Cleiton M. da Silva, Danielle L. da Silva, Cleide V.B. Martins, Maria A. de Resende, Esther S. Dias, Thais F.F. Magalhães, Letícia P. Rodrigues, Adão A. Sabino, Rosemeire B. Alves and Ângelo de Fátima

      Version of Record online: 6 SEP 2011 | DOI: 10.1111/j.1747-0285.2011.01185.x

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      Six aryl aldimines were synthesized from the condensation of aromatic amines with benzaldehydes. The antifungal activities of synthesized compounds were evaluated against nineteen fungi strains that included Candida and Aspergillus species and Cryptococcus neoformans. The aryl aldimines 2-(benzylideneamino)phenol (3) and 4-(benzylideneamino)phenol (8) were the most active compounds against the fungi studied. Such compounds inhibited efficiently the metabolism of C. neoformans mature biofilm.

    9. Synthesis, Saccharide-Binding and Anti-cancer Cell Proliferation Properties of Arylboronic Acid Derivatives of Indoquinolines (pages 816–825)

      Junxiu Meng, Shaoqing Yu, Shengbiao Wan, Sumei Ren and Tao Jiang

      Version of Record online: 15 SEP 2011 | DOI: 10.1111/j.1747-0285.2011.01196.x

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      A series of arylboronic acid derivatives of indoloquinoline was synthesized. Mass spectrometry experiments revealed these derivatives could bind to biologically important carbohydrates (sialic acid, fucose, glucose and galactose) by forming boronate di-esters in alkaline aqueous solution. Most of the arylboronic acid derivatives of indoquinolines inhibited human breast cancer cell (MDA–231) proliferation at a concentration of 5 μm, whereas the compound 17 exhibited highest percentages (76.74%) of the cancer cell proliferation inhibition.

    10. Pharmacophore Optimization and Design of Competitive Inhibitors of Thymidine Monophosphate Kinase Through Molecular Modeling Studies (pages 826–834)

      Trupti S. Chitre, Muthu K. Kathiravan, Kailash G. Bothara, Shashikant V. Bhandari and Rajeshwar R. Jalnapurkar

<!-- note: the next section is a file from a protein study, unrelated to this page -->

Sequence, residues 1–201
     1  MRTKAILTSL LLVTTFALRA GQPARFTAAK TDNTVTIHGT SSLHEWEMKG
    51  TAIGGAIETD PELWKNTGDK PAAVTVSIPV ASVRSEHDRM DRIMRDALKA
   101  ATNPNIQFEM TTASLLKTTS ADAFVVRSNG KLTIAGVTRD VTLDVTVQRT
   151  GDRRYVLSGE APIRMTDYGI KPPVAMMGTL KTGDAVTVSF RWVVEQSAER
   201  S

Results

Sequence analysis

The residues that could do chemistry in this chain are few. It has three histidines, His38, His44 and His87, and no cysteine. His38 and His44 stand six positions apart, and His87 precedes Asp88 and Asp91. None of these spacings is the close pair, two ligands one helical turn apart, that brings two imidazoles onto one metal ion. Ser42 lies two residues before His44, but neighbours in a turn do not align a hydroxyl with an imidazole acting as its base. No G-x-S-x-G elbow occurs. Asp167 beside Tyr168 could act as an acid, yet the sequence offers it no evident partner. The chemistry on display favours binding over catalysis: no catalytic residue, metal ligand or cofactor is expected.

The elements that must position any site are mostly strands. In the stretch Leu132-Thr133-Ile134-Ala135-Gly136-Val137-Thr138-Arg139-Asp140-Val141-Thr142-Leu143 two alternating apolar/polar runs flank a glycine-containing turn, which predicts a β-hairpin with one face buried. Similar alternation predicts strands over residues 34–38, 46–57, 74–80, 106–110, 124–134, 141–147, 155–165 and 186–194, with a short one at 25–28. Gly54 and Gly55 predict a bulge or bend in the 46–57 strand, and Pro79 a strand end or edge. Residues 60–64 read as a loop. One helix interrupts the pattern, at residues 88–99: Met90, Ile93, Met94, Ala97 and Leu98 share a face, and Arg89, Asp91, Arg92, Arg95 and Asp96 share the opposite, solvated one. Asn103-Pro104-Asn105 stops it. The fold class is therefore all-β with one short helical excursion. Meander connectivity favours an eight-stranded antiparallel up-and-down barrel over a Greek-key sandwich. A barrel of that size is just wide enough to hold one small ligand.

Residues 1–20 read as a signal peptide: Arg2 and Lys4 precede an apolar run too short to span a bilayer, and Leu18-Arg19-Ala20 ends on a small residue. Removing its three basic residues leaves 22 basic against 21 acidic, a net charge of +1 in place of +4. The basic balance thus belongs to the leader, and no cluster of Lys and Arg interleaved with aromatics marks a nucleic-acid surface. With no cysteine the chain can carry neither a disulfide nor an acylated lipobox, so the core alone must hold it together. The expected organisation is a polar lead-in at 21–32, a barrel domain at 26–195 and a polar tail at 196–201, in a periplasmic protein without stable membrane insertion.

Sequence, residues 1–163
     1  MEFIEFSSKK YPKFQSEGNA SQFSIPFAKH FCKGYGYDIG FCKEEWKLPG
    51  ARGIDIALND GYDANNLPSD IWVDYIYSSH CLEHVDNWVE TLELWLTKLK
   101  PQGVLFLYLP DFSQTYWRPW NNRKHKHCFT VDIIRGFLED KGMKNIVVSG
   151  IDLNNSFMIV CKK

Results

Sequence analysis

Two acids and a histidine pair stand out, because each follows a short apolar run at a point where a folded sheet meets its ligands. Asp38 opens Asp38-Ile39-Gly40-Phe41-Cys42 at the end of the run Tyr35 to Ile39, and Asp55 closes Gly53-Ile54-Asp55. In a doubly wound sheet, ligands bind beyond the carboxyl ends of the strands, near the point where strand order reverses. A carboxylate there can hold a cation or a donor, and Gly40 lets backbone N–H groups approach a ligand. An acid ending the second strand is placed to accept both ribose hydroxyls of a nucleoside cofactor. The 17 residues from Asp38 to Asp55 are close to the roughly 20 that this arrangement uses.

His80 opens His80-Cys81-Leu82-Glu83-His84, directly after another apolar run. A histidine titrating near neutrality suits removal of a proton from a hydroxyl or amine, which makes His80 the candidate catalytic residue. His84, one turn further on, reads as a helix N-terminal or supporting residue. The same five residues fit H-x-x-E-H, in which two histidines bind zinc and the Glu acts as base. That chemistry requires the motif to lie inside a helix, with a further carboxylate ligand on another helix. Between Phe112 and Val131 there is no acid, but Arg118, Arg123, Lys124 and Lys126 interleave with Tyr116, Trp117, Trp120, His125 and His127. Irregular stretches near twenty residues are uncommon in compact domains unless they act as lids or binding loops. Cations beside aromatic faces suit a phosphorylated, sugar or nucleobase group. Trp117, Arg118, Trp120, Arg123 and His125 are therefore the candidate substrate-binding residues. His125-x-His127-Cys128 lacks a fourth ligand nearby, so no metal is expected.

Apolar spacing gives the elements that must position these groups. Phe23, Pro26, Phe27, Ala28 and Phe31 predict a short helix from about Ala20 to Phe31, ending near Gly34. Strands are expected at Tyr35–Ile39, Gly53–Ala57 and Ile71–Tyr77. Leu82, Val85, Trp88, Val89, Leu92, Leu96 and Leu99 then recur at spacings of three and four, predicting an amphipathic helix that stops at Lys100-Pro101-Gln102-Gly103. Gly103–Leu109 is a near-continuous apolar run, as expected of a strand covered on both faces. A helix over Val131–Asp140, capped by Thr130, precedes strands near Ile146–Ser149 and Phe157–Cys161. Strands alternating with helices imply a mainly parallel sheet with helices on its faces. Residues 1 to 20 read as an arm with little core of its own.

Version of Record online: 20 SEP 2011 | DOI: 10.1111/j.1747-0285.2011.01200.x

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      The pharmacophore requirements for selective inhibition of Mycobacterium tuberculosis thymidine monophosphate kinase (TMPKmt) were optimized using molecular modelling studies.

    11. Rational Design of Peptides with Anti-HCV/HIV Activities and Enhanced Specificity (pages 835–843)

      Gui-Rong Li, Li-Yan He, Xiu-Ying Liu, Ai-Ping Liu, Yi-Bing Huang, Chao Qiu, Xiao-Yan Zhang, Jian-Qing Xu, Wei Yang and Yu-Xin Chen

      Version of Record online: 26 SEP 2011 | DOI: 10.1111/j.1747-0285.2011.01201.x

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      In the present study, the C5A sequence SWLRDIWDWICEVLSDFK was utilized as the framework to study the effect of the modulation of peptide helicity and hydrophobicity on its anti-HCV and anti-HIV activities. By modulating peptide helicity and hydrophobicity, we improved the specificity of C5A against HCV and HIV by 23- and 69-fold, respectively. Peptide I6L/I10L/V13L may be a promising antiviral therapeutic candidate against HCV and HIV co-infection in clinical practices.